THURSDAY, MARCH 11
As we race toward our impending doom, it's nice to know that some people are doing what they can to strengthen human connections. Today at the ALPS Language School on Broadway, two homosexual men met with a group of seven English-as-a-second-language students (six Japanese, one Thai, all female) to discuss and represent "the gay lifestyle" in America. Biggest revelation to the students: the men's straightlaced, masculine appearances (apparently they'd been expecting drag queens with poodles). Most endearing question asked of the men: "Has a woman ever loved you?" (Translation: "Have you ever fucked a woman?") Both men said "yes."
FRIDAY, MARCH 12
March Movie Madness: Snohomish County Sheriff's detectives are investigating a potential case of voyeurism following the discovery of a video camera and microphone hidden in the bathroom of an Edmonds-area home, reports the Seattle Times. A 37-year-old woman who moved into the home in January discovered the small camera and listening device in a ceiling vent late last month; the woman had been invited to live in the house by the home's owner, a man she met at church. While no arrests have been made, state law makes it a crime to view, photograph, or film another person for sexual gratification without that person's knowledge, and if convicted, the obsessive freak who placed the camera could face five years in prison and a $10,000 fine.
··· Speaking of obsessive freaks, scads of them descended upon the Meridian 16 Cinemas today to catch the second preview trailer for Star Wars Episode 1: The Phantom Menace, which preceded the 2:40 p.m. showing of the film Wing Commander. Among the revelations in the two-minute trailer: weird hairstyles, double-bladed light sabers, and a big fish-type character eating a spaceship. The Phantom Menace opens May 19.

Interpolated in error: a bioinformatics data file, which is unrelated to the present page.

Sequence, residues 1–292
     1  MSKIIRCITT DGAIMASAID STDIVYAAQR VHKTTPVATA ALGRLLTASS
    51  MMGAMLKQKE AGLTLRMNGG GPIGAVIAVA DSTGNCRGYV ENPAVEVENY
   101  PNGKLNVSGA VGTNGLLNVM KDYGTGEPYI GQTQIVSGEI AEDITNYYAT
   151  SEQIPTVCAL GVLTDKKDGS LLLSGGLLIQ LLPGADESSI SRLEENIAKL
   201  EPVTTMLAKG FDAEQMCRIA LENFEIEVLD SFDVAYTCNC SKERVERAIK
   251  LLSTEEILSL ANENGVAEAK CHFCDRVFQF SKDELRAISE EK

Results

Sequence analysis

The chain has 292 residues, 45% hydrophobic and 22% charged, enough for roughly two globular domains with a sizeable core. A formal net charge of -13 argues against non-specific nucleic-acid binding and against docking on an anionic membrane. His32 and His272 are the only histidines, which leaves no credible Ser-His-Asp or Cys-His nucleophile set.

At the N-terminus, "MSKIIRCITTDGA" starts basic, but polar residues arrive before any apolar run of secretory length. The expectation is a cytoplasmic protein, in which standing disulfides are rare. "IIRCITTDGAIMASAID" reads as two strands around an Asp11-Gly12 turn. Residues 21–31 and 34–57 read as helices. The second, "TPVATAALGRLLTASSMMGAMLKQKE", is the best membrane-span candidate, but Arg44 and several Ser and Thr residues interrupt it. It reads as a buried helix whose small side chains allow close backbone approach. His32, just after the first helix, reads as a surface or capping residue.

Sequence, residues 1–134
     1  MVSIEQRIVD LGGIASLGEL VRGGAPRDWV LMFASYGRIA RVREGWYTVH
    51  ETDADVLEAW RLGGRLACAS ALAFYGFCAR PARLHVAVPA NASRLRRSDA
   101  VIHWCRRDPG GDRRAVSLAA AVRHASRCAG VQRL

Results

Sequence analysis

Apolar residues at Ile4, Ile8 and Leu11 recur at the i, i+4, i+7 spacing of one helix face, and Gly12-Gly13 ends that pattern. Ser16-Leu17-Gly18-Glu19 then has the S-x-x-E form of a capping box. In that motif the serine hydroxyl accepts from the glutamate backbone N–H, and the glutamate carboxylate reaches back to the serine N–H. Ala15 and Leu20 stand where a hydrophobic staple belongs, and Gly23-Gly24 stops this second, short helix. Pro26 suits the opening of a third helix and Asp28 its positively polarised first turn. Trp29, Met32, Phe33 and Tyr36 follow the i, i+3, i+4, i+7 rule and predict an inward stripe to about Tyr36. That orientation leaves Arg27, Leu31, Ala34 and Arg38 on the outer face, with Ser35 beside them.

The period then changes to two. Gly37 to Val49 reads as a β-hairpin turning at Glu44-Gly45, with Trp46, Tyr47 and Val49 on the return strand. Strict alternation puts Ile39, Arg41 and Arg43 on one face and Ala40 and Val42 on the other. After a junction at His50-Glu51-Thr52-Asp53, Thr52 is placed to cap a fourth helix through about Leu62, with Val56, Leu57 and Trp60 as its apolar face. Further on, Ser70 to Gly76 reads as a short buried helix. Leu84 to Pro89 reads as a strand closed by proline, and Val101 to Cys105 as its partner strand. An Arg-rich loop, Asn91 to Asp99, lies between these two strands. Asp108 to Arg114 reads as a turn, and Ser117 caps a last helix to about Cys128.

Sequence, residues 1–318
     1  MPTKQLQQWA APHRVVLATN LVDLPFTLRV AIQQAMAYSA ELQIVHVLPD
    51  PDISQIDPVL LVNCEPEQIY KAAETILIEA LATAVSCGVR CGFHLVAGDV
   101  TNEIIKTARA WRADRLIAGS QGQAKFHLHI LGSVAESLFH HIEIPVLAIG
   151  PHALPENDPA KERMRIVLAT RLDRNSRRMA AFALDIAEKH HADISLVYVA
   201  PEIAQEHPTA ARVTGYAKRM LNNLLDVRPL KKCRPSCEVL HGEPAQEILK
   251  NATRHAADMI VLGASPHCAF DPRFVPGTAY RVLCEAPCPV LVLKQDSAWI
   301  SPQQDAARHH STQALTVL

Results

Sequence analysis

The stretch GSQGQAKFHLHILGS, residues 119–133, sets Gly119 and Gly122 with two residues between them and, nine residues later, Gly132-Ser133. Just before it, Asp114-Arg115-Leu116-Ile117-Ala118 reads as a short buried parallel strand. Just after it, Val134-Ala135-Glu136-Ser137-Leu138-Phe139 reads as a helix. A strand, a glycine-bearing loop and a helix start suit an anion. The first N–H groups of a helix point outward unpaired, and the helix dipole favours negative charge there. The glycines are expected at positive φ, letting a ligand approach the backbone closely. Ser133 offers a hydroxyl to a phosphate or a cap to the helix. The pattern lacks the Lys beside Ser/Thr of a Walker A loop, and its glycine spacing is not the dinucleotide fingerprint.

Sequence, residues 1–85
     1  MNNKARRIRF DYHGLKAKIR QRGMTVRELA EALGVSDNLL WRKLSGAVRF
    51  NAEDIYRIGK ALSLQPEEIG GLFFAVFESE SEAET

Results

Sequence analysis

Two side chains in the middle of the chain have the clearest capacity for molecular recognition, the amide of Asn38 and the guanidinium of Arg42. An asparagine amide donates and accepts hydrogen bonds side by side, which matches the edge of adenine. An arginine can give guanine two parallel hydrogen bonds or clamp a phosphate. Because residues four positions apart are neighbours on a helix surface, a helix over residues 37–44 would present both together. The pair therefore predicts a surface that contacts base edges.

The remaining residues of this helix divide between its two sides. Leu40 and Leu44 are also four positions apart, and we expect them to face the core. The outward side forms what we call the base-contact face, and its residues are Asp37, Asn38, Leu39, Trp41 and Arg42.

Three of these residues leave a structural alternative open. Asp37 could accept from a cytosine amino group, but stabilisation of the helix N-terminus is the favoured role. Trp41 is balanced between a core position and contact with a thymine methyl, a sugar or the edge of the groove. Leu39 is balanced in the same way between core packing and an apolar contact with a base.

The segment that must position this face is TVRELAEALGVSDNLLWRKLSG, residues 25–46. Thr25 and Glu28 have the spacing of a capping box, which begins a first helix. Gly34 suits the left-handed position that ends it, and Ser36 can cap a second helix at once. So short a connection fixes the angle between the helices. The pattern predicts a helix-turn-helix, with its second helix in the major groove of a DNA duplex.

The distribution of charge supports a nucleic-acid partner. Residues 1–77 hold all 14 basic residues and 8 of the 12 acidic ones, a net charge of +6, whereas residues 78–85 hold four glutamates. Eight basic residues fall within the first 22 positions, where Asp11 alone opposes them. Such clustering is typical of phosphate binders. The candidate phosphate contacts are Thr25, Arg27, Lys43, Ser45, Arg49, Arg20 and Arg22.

SATURDAY, MARCH 13
It's the question that divides more gay men than "Is sucking safe?": Is the Seattle Men's Chorus the best thing to happen to gay culture since the manufacture of the size 12 pump, or the worst thing to happen to music since "Mr. Roboto"? Tonight a band of six homosexual men sought the answer by venturing out to Benaroya Hall for the SMC's latest musical offering, Tunes from Tales, inspired by and featuring readings from Armistead Maupin, author of the eternally popular gay stories, Tales of the City. The verdict? Split, as usual: half the men adored every minute of the admittedly schmaltzy show, laughing, cheering, and crying with the rest of the packed house. The other half would've preferred to be at home, drinking cups of their own piss. However, these negative few were the distinct minority, as evidenced by the rousing standing ovation that exploded at the close of the show. Last Days fully expects to be run out of town on a rail for even broaching this subject.
SUNDAY, MARCH 14
Last week, Last Days updated readers on the progress of Meg, the Wallingford woman who gave up both drinking and pot smoking for Lent. Well, things took a curious turn for our Catholic lass today, when, while walking down the street, she found on the sidewalk a big bag of pot! "At first I thought, obviously God wants me to smoke this," said Meg . "But then I realized it was probably the work of the Devil." Regardless of who sent the tempting baggie, the heroically abstinent Meg left it where it lay: "Lent or no Lent, I don't think it's the best idea to smoke pot you find lying in the street." When her time of sacrifice has ended, Meg will acquire pot in her safe, traditional way: By going alone with a large wad of cash to the house of a man she hardly knows. "Works for me," she says.